The SEC’s Office of Compliance Inspections and Examinations (“OCIE”) released a new Risk Alert on September 4th urging RIAs to review their compliance policies and procedures addressing principal trading and agency cross trading transactions.
We pay close attention to OCIE’s periodic Risk Alerts as these publications provide RIAs with not only a view of the results of recent OCIE exam, but also an insight into future exam priorities. This blog has provided commentary on all three of OCIE’s Risk Alerts for RIAs published thus far in 2019.Those alerts have focused on topics as diverse as hiring practices, customer record storage, and privacy notices.
This new Risk Alert encourages RIAs to revisit their policies and procedures designed to prevent violations of Advisers Act Section 206(3) and Rule 206(3)-2. Section 206(3) of the Advisers Act prohibits an adviser from engaging in the following trading activities, unless done with the consent of a client after receipt of written notice: (i) buying or selling a security from a client while acting as “principal for his own account” (“principal trading”); and (ii) acting as a broker for a person other than the client in order to effect a securities transaction between the client and the other person (“agency cross trading”).
For principal trading, the SEC further requires that the required client consent be obtained on a transaction by transaction basis. For agency cross trading, however, Rule 206(3)-2 permits the adviser to avoid transaction by transaction disclosure/consent so long as (i) the client has executed a prospective consent after having received full disclosure; (ii) the adviser provides written confirmations and required disclosures prior to each transaction; (iii) the adviser also provides an annual summary report to the client of all such transactions for the year; and (iv) the required written disclosures and confirmations “conspicuously” state that client consent may be freely revoked at any time.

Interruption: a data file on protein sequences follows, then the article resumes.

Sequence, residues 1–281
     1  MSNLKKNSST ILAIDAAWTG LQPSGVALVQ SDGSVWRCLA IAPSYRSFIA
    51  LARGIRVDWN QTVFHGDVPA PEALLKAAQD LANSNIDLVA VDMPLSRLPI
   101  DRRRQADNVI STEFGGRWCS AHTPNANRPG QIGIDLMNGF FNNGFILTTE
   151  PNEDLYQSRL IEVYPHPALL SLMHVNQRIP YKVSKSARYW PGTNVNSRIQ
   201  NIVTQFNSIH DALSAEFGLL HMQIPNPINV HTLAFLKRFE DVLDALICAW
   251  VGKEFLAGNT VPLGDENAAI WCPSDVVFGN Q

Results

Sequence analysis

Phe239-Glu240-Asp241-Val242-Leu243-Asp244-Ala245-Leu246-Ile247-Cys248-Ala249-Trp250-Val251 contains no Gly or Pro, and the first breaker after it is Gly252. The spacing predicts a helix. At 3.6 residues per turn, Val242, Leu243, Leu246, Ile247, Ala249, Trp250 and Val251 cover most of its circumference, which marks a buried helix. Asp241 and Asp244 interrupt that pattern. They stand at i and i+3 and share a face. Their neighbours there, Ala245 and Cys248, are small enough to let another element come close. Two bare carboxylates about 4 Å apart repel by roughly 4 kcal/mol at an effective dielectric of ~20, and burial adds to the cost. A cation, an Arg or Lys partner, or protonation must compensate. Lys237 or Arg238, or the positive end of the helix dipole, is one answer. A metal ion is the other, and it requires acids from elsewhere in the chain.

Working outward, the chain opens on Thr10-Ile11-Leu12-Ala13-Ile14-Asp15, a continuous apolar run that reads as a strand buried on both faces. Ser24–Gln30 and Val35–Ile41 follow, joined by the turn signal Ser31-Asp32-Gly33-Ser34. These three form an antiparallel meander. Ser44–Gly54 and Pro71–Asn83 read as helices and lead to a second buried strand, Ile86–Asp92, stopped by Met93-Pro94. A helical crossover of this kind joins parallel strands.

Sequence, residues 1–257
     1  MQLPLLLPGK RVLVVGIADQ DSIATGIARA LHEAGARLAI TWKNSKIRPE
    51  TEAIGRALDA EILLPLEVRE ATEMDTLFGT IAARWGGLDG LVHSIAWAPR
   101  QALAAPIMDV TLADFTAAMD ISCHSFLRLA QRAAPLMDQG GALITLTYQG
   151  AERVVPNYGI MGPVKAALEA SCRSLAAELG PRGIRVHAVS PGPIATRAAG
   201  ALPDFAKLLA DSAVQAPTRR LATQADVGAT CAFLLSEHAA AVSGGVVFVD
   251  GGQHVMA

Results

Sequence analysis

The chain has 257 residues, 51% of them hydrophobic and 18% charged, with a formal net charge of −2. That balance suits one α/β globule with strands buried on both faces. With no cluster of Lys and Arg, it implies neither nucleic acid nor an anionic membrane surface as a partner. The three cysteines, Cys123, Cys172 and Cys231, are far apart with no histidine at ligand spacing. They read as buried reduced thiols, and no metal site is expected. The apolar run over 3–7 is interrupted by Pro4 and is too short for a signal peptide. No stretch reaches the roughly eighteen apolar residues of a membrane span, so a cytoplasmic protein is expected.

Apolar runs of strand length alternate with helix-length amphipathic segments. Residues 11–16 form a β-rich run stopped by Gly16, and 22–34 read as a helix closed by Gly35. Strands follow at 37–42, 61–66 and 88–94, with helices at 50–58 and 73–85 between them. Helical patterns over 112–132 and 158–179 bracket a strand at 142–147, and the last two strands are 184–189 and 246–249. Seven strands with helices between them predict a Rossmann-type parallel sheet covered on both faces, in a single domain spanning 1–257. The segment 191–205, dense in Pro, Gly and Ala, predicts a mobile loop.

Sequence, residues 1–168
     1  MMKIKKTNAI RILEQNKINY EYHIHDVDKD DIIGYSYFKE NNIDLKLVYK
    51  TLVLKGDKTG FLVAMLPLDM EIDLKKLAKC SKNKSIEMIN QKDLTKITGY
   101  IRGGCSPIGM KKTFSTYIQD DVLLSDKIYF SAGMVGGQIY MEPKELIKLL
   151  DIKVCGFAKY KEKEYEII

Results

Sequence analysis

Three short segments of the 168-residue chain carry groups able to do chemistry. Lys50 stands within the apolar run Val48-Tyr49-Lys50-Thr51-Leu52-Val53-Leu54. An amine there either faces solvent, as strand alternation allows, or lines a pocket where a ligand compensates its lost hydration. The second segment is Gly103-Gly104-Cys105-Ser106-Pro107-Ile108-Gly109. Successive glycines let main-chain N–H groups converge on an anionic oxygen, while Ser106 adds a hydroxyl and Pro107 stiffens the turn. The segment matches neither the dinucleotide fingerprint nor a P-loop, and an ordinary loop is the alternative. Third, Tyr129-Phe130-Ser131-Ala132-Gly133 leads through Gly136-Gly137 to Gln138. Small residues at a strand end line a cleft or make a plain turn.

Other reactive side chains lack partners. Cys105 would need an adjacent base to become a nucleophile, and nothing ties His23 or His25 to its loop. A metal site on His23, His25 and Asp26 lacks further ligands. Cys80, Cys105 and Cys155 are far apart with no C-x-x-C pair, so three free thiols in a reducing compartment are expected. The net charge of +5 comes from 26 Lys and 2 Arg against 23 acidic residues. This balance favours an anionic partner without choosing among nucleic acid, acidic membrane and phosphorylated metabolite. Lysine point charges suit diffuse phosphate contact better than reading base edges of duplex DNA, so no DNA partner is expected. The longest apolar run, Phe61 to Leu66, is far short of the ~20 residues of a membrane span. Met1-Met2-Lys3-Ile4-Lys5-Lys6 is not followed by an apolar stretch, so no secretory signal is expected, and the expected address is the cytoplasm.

OCIE’s new Risk Alert highlights common deficiencies in the areas of principal trading and agency cross trading transactions identified by staff examiners in conducting routine advisory exams over the past three years. Some of the specific deficiencies identified by the staff included the following:
- Principal Trading Violations. In some cases, OCIE discovered advisers that were engaging in principal transactions without knowledge of the general prohibition contained in Section 206(3). Obviously, in such cases, the advisers failed to provide written disclosure to clients or obtain client consent to the principal trading. OCIE also discovered cases where the adviser recognized the applicability of Section 206(3), but nonetheless failed to adhere to its requirements (i.e., no disclosures, no consent, or both).
- Principal Trading Violations Related to Pooled Investment Funds. OCIE also noted that, in certain instances, advisers failed to realize that their “significant ownership interest” (under current Commission guidance, 25% or more) of a pooled investment vehicle implicated Section 206(3). Accordingly, a trade between an advisory client and 25% adviser-owned pooled vehicle would be a principal trade. Additionally, other advisers executed trades directly between themselves and pooled investment fund clients without appreciating that such a transaction was subject to the principal trading prohibition.
- Agency Cross Trading Violations. Notably, the Risk Alert cited instances of advisers publicly stating that they would not engage in agency cross transactions, only to in fact engage in numerous such transactions. Other advisers purported to rely on Rule 206(3)-2 but failed to produce any documentation evidencing such reliance.
- Issues Relating To Advisory Policies And Procedures. OCIE also observed advisers with non-existent policies, deficient policies, as well as policies that were not followed in practice.
As is shown by the Risk Alert, there are numerous ways for an adviser to slip out of compliance in connection with principal trading and agency cross trading transactions. At a minimum, advisers should be able to recognize these transactions and understand the rules requiring disclosure and client consent. Additionally, all advisers, regardless of their trading practices, should have policies and procedures addressing principal trading and agency cross trading transactions—even if it a firm-wide prohibition on such transactions. As noted in the Risk Alert, this is an area where the SEC has taken enforcement action in response to violations of applicable rules. Given its spotlight by OCIE now, advisers should review their business practices and compliance policies accordingly.
Parker MacIntyre provides legal and compliance services to investment advisers, broker-dealers, registered representatives, hedge funds, and issuers of securities, among others. Our Investment Adviser Group assists financial service providers with complex issues that arise in the course of their business, including complying with federal and state laws and rules. Please visit our Investment Adviser Practice Group page for more information.